Many of the local cuisine has been influenced by the Arab, Indian, Portuguese and English culture. Mombasa will offer you street food to a typical English meal( in the old colonial Mombasa Sports Club). Whoever visits Mombasa, doesn’t leave the island without sampling at least a few traditional dishes. Achari and Mabuyu is what relatives abroad want us to take for them or its the famous cassava crisps (mogo crisps).
My contribution for a traditional Mombasa dish for Kalyani’s blog is Viazi Karanga or known more famously as Viazi Karai. Karai here refers to a basin or huge bowl or wok. Viazi in Kiswahili means potato. This snack is so famous all over Mombasa. Its served as street food (where in the evenings in some old parts of Mombasa or the slum areas, women come out in the evening at their doorstep and prepare this snack for passersby). Its also served in the numerous fast food cafes that are found in every nook and corner of Mombasa. I remember gorging on this delicious snack during my 10a.m break at school when I was teaching. My kids have many a times bought them from their school canteen to snack on at break time. what’s so special about this potato snack? At first glance it looks like bateta vada but its different. Boiled potatoes are sandwiched with a red chili and lemon mixture, coated in a batter and fried. Its always served with a coconut chutney.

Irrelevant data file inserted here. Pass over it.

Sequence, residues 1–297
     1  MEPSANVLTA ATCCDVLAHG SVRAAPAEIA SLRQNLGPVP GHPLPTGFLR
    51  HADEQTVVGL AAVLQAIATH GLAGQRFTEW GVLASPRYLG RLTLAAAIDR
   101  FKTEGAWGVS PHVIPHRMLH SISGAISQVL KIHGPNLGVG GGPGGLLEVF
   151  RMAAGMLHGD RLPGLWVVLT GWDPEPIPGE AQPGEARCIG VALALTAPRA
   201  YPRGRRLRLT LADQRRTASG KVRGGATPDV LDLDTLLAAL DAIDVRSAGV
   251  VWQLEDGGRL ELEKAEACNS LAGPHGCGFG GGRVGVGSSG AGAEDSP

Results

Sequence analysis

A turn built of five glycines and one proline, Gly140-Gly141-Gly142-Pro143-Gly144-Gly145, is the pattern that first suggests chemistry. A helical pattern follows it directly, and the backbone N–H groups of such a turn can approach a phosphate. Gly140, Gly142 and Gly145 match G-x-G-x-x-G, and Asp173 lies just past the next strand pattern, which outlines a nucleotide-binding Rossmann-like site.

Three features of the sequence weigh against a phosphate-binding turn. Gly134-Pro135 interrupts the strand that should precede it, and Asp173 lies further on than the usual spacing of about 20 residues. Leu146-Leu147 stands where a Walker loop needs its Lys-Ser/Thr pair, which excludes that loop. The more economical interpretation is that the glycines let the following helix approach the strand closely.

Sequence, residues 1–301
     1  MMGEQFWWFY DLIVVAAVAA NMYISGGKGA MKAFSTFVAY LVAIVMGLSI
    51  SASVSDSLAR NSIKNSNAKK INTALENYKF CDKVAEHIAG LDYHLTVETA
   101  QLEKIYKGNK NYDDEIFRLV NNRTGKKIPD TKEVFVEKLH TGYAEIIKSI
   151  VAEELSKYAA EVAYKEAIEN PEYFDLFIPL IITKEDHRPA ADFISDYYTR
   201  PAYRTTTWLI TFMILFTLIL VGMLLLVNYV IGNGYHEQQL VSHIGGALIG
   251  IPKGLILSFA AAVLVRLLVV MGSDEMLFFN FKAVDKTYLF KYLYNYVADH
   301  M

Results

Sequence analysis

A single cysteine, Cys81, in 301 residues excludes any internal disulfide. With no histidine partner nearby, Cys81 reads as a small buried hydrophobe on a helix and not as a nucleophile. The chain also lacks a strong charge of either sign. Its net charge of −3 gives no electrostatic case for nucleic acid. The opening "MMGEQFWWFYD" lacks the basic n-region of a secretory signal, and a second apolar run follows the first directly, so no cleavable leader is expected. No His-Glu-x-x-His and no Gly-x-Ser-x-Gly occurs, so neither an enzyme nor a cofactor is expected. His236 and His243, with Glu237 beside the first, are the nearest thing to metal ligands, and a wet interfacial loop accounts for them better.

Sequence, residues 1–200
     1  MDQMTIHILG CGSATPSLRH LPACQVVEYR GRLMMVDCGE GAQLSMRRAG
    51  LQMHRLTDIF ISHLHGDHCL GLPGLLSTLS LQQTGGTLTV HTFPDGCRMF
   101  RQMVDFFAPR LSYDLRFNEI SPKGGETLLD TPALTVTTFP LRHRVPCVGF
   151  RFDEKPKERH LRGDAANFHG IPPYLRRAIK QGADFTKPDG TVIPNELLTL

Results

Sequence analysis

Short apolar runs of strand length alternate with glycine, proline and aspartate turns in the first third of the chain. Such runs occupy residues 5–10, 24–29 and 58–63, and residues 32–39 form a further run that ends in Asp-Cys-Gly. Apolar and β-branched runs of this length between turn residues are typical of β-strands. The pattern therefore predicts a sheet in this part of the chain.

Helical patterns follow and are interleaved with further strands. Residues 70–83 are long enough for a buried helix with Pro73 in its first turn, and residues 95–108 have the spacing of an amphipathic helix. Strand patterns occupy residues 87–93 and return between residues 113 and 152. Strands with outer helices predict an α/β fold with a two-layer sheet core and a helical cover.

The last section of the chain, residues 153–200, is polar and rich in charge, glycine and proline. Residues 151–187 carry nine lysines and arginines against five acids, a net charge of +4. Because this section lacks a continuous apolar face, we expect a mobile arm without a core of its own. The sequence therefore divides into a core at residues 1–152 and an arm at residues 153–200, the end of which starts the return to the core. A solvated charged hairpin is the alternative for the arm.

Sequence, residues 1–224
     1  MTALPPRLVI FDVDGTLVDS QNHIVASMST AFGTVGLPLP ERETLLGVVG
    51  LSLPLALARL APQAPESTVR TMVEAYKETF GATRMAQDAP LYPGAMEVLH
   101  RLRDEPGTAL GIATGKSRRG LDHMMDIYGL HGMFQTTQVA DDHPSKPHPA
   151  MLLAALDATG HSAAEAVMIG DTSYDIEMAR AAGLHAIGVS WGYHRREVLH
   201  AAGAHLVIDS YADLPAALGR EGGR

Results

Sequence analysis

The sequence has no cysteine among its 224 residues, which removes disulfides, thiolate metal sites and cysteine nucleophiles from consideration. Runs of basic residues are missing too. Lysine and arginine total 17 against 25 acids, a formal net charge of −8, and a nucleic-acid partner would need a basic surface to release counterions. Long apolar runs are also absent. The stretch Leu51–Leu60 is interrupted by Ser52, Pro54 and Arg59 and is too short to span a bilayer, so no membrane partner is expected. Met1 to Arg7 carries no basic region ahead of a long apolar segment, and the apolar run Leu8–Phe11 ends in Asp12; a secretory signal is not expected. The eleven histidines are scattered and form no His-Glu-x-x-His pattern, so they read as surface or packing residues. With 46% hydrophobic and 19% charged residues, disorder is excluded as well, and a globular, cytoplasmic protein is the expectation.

I wanted to use baby potatoes for this recipe but I didn’t get any in the local greengrocer shop. Usually they are made using normal potatoes, which I used. I made a slight variation from the traditional recipe by adding garlic in the filling and not using orange food colour for the batter.
VIAZI KARANGA/VIAZI KARAI
8 medium potatoes, boiled and peeled
For the filling:
1 tbsp garlic paste
2 tbsp lemon juice
1-2 tsp red chilli powder
½ tsp salt
For the batter:
1¼ cup chana flour (besan, chickpea flour, unga ya ndengu)
¼ cup plain flour (all purpose flour)
¾ tsp salt
¼ tsp turmeric powder (haldi, manjano)
2 tbsp hot oil
¾ cup water
oil for deep frying
For the Chutney:
1 cup fresh grated coconut
¼ cup finely chopped raw mango (peeled)
2-3 green chillis
½ tsp salt
1 cup water
Preparation of the Chutney:
- Add the grated coconut, mango pieces, salt and chopped chilis into a blender jug. Add 1 cup water and blend.
- Remove the chutney into a serving bowl.
Preparation of the filling/ red chili chutney:
- Mix the garlic, red chili powder, salt and lemon juice together.
Preparation of the batter:
- Mix all the ingredients for the batter. Make sure its a thick and smooth batter.
As this is a guest post, you’ll have to hop over to Kalyani’s blog to check out the method of making this delicious snack.
Click on Sizzling Tastebuds
- Make extra red chili chutney to serve with the potatoes.
- Use small potatoes if you wish.
- Add coriander to the batter if you wish.
- If you prefer more chilis, then add more to the chutney.
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You may want to check out the following Mombasa Dishes: